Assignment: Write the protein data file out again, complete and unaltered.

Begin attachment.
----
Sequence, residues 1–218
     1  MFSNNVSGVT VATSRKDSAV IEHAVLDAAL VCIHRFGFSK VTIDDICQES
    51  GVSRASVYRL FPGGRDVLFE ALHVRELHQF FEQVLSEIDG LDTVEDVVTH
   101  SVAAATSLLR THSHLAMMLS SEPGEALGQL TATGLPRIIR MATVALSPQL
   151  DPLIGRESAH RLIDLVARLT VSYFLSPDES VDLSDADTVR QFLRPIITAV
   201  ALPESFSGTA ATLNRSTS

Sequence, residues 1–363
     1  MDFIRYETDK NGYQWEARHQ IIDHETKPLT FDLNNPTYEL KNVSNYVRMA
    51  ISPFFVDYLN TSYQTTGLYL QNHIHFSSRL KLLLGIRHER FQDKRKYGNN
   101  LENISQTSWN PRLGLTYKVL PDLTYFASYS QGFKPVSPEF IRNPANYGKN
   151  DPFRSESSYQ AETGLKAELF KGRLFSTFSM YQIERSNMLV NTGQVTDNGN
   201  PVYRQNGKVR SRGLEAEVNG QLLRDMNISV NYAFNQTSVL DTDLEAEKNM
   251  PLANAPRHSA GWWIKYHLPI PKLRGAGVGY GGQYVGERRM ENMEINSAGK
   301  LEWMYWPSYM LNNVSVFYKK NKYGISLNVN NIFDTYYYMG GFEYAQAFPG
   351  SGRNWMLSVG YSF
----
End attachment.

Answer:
Sequence, residues 1–218
     1  MFSNNVSGVT VATSRKDSAV IEHAVLDAAL VCIHRFGFSK VTIDDICQES
    51  GVSRASVYRL FPGGRDVLFE ALHVRELHQF FEQVLSEIDG LDTVEDVVTH
   101  SVAAATSLLR THSHLAMMLS SEPGEALGQL TATGLPRIIR MATVALSPQL
   151  DPLIGRESAH RLIDLVARLT VSYFLSPDES VDLSDADTVR QFLRPIITAV
   201  ALPESFSGTA ATLNRSTS

Sequence, residues 1–363
     1  MDFIRYETDK NGYQWEARHQ IIDHETKPLT FDLNNPTYEL KNVSNYVRMA
    51  ISPFFVDYLN TSYQTTGLYL QNHIHFSSRL KLLLGIRHER FQDKRKYGNN
   101  LENISQTSWN PRLGLTYKVL PDLTYFASYS QGFKPVSPEF IRNPANYGKN
   151  DPFRSESSYQ AETGLKAELF KGRLFSTFSM YQIERSNMLV NTGQVTDNGN
   201  PVYRQNGKVR SRGLEAEVNG QLLRDMNISV NYAFNQTSVL DTDLEAEKNM
   251  PLANAPRHSA GWWIKYHLPI PKLRGAGVGY GGQYVGERRM ENMEINSAGK
   301  LEWMYWPSYM LNNVSVFYKK NKYGISLNVN NIFDTYYYMG GFEYAQAFPG
   351  SGRNWMLSVG YSF